Officials urge caution as critical, red-flag fire conditions expected across region

The forces of nature don’t appear to be with the Texas South Plains and Panhandle these days.

 

The positives from last year’s wet summer — greener lawns and possibly lower water bills — have given way to the negatives of this year’s record-breaking dry winter, turning the grass that grew in May into brown, dry kindling.

And weather and fire officials will once again cross their fingers and hope for the best today, but warning area residents to be on alert, forecasting a critical fire danger and bringing more firefighting resources to the region.

“I think we’re going to have more of these days in the future with the abundance dry fuel, little precipitation and low humidity,” said Phillip Truitt, the public information officer with the Texas A&M Forest Service.

The National Weather Service in Lubbock issued a fire weather watch for the South Plains Tuesday, with sustained winds from 20 to 25 mph, gusts above 35 mph and low humidity combining with already dry conditions to create a critical fire danger.

To the north, the weather service in Amarillo already issued a Red Flag warning for the Texas and eastern Oklahoma panhandles for this afternoon. According to an NWS news release, the combination of gusty southwest winds; the area’s low relative humidity, which is about 10 percent; and the record level of dry fuels for starting a grassfire will provide critical fire conditions.

In the panhandles, grass and scrubs start wildfires, and those fuels are near a record high — the 90th percentile — according to the NWS.

The highest threat areas today are likely to extend across the central and southwest Texas Panhandle, according to the NWS.

In the Panhandle, winds are only expected to reach 20 mph to 30 mph, with gusts to 40 mph, instead of the 50 mph, “which seems to be a magic number that leads to significant uptick in fire starts,” Mike Gittinger of the NWS said in a news release.

But even with the lower wind speeds, the area’s lack of precipitation continues to be a problem. As of Monday, Lubbock was on its 82nd consecutive day without measurable rainfall - the second longest stretch behind the 98-day record from October 2005 to February 2006, according to the weather service. The last measurable rain in Lubbock was Nov. 8, when 0.03 of an inch was recorded at Lubbock Preston Smith International Airport.

With these conditions, “It’s not going to take much to spark a fire,’’ said Dr. Stephen Bieda, science and operations officer at the National Weather Service Amarillo office.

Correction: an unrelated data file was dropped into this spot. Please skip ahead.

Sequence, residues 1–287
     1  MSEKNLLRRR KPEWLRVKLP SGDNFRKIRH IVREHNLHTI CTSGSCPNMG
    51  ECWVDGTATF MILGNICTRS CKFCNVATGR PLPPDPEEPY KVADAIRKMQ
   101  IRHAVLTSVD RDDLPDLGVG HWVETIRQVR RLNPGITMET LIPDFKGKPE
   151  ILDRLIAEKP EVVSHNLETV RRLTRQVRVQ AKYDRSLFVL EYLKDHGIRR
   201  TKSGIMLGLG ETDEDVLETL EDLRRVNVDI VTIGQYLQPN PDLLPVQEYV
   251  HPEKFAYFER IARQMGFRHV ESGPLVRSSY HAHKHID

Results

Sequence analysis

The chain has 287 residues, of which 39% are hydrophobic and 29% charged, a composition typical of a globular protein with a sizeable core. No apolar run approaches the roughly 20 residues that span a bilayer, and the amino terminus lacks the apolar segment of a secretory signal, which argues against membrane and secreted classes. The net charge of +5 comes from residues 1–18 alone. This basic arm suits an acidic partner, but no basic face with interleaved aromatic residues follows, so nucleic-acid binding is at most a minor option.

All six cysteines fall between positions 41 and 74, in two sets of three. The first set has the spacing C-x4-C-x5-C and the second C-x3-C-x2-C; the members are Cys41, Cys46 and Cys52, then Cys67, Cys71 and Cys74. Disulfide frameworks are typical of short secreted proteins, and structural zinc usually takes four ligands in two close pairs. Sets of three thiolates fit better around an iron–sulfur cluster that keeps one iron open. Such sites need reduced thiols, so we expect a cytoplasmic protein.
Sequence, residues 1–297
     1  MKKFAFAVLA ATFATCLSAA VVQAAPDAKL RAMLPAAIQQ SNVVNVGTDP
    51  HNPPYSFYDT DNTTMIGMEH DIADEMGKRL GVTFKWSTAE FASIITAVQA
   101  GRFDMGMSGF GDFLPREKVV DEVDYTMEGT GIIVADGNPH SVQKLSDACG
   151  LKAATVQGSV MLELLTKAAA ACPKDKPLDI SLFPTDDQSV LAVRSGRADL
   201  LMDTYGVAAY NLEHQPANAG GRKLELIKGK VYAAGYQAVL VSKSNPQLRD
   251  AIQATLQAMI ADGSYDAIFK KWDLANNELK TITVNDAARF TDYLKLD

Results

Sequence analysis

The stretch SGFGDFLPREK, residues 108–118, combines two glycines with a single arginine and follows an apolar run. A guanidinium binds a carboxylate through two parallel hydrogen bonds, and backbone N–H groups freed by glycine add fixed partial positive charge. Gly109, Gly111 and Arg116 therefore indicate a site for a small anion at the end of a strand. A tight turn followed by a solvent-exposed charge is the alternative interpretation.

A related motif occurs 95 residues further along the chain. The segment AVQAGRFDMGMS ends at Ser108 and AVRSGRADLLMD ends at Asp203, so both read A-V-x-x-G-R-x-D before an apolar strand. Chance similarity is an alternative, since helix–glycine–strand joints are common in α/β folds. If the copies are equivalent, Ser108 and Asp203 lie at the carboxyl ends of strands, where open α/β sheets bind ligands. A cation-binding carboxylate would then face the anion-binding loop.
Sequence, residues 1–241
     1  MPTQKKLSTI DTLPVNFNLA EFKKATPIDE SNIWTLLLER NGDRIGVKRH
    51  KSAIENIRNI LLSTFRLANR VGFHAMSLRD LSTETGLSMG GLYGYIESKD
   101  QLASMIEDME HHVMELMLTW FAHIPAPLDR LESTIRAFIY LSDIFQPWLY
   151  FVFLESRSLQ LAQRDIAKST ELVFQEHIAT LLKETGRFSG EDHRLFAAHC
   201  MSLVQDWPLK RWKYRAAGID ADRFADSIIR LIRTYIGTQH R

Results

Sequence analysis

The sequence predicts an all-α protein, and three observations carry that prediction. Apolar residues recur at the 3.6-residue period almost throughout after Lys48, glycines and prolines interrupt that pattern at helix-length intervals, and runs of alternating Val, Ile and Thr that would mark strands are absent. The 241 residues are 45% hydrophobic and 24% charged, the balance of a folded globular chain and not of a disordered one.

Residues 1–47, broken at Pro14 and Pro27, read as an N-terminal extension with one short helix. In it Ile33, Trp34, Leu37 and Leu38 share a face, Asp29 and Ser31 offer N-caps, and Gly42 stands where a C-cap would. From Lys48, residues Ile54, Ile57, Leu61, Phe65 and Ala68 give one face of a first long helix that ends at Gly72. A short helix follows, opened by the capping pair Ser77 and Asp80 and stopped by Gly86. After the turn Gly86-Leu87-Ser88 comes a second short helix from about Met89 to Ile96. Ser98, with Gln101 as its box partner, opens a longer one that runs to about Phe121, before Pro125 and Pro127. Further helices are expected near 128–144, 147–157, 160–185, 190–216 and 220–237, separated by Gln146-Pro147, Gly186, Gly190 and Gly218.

This year’s La Nina drought has set the region on a course to set a new record for the driest winters, breaking the record set in 1902.

And there doesn’t appear to be any relief in sight. “If I look in a crystal ball,” Bieda said, he doesn’t see any precipitation for the next 14 days in the region, and that the area will be below normal through April.

Bieda said the NWS, as always, is asking people today to obey the burn bans, avoid doing anything outside with open flames and dispose of cigarette butts properly. Another tip is for drivers to not pull off the road into high grass because a car’s hot catalytic converter can spark a fire.

If conditions do become dire today, the Texas A&M Forest Service could be called upon to help.

Truitt said there are several aircraft stationed in the region to help fight fires, including an air tanker stationed at Abilene that can drop 3,000 gallons of fire retardant at a time.

Based in Amarillo, there are also two single-engine air tankers that could be used to drop flame retardant on a fire, and one aircraft that flies higher than the air tankers above a fire.

The pilots can coordinate fire-fighting strategies, looking for natural breaks and chart the course of a fire, and relay information to the firefighters on the ground.

At least one of those planes was used to fight a grass fire Monday afternoon in Moore County near the Hutchinson County line. See amarillo.com for video of the plane in action.

The fire burned about 130 acres and was mostly contained Monday afternoon, according to the City of Borger and Hutchinson County Office of Emergency Management.

No structures were threatened by the fire.

Fire safety tips for ranchers

The Texas A&M Forest Service is working with the local fire service and residents through the Ready, Set, Go Program to protect lives, property and livelihoods from wildfire.

Ready: Before a wildfire, create defensible space, livestock evacuation plans and routes

Set: If a wildfire ignites, load livestock into trailers or open gates for escape

Go: Evacuate early, cooperate with officials and monitor media for updates

For more information, visit texasforestservice.tamu.edu

Source: Texas A&M Forest Service

 

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